Oil prices came under renewed pressure on Monday, after Saudi Arabia cut prices for its Asian customers and demand worries lingered following last week’s weaker-than-expected U.S. jobs data.
In electronic trading, West Texas intermediate crude for October delivery
fell 82 cents, or 1.2%, to $68.47 a barrel, after closing down 1% to $69.29 a barrel on Friday. WTI prices rose 0.8% for the week. U.S. markets will be closed on Monday in observance of the Labor Day holiday.
Global benchmark Brent crude
fell 83 cents, or 1.1%, to $71.76 a barrel. Brent declined 0.6% to $72.61 a barrel on Friday, but was up 1.3% for the week.
State oil company Saudi Aramco has cut its October official selling prices (OSP) for all grades delivering to Asia, while keeping prices unchanged for the U.S. and Europe. Arab Light crude for delivery to Asia was slashed to a premium of $1.70 per barrel from $3 in September, according to a company document. The price cuts were the first in four months for the region.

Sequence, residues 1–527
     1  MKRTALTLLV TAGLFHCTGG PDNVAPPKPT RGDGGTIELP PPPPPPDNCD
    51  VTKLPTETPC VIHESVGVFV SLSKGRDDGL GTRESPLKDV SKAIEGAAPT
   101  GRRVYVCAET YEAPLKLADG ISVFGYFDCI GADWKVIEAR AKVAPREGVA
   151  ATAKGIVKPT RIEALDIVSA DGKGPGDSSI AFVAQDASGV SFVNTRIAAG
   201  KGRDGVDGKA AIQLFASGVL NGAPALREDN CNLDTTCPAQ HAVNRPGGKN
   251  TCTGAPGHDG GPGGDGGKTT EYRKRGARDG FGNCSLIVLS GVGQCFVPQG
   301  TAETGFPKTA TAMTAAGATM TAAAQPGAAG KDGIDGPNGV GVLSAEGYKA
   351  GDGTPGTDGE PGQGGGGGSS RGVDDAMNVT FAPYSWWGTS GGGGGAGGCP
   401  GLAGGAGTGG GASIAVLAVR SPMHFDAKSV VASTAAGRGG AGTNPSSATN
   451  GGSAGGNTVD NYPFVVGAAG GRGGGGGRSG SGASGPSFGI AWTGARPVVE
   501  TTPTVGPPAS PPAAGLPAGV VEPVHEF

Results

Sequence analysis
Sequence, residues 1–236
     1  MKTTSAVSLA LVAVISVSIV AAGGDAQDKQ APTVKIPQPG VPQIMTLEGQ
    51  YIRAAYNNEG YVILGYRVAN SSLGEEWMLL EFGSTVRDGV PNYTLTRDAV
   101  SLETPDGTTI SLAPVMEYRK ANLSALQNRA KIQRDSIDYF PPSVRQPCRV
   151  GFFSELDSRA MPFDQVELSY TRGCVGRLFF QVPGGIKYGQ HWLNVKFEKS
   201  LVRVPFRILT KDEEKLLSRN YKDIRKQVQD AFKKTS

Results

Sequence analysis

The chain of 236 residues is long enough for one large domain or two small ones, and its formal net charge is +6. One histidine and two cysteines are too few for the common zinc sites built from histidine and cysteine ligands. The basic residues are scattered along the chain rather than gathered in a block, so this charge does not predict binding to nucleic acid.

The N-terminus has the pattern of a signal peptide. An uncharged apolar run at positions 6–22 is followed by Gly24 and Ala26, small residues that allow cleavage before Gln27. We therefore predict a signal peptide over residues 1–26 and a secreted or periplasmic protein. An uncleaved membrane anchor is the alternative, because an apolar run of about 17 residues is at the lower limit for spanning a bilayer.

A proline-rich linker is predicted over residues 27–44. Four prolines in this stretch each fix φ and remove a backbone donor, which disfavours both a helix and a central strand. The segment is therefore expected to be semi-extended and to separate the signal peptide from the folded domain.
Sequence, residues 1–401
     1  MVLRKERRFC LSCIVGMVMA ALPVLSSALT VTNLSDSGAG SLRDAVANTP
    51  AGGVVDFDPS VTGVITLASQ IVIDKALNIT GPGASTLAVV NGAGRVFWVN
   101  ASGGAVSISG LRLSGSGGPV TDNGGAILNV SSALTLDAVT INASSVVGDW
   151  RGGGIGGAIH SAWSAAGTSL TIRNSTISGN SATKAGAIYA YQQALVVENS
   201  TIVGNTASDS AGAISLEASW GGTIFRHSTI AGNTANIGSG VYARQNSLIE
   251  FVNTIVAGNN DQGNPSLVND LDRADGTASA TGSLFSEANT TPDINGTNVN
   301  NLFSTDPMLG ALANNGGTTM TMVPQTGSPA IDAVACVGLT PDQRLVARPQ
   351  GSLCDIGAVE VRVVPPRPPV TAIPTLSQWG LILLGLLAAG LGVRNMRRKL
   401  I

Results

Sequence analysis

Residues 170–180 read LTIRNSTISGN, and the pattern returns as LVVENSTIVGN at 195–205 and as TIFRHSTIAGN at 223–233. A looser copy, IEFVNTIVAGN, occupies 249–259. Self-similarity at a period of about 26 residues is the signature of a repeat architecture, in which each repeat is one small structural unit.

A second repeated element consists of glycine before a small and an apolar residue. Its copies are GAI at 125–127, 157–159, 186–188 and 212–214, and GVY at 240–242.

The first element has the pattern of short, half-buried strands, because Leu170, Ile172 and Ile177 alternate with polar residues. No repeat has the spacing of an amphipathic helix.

The Asian price cuts were bigger than expected, according to Jeffrey Halley, senior market analyst at OANDA. “Given that OPEC+ is continuing its plan to raise production monthly, despite weak data from China and the U.S. raising slowdown fears, and Saudi Arabia looking for market share in the region, oil is likely to remain under pressure,” said Halley.
He said if Brent falls through its 100-day moving average (DMA) at $71.15 a barrel, the market could retest $70.50 and $70.00 a barrel, with things getting “ugly below $70.00 a barrel.” WTI has already moved through its 100-DMA support at $68.60 on Monday, with $67 a barrel under threat, added Halley.
Last Wednesday, the Organization of the Petroleum Exporting Countries and its allies stuck to a plan to gradually increase production by 400,000 barrels a day per month from August. Analysts at Capital Markets have predicted that the decision could lead to a surplus in global supplies early 2022, and help drag Brent prices down 15% by the end of next year.
Friday’s drop in oil prices followed a smaller-than-expected August climb in U.S. payrolls, which some are worried could crimp demand for crude. Still, a slow recovery for refiners in the hurricane hit Gulf of Mexico, left prices higher on the week. On Friday, Baker Hughes
reported the biggest weekly drop in U.S. oil-drilling rigs for the year thus far, as producers struggle to come back online.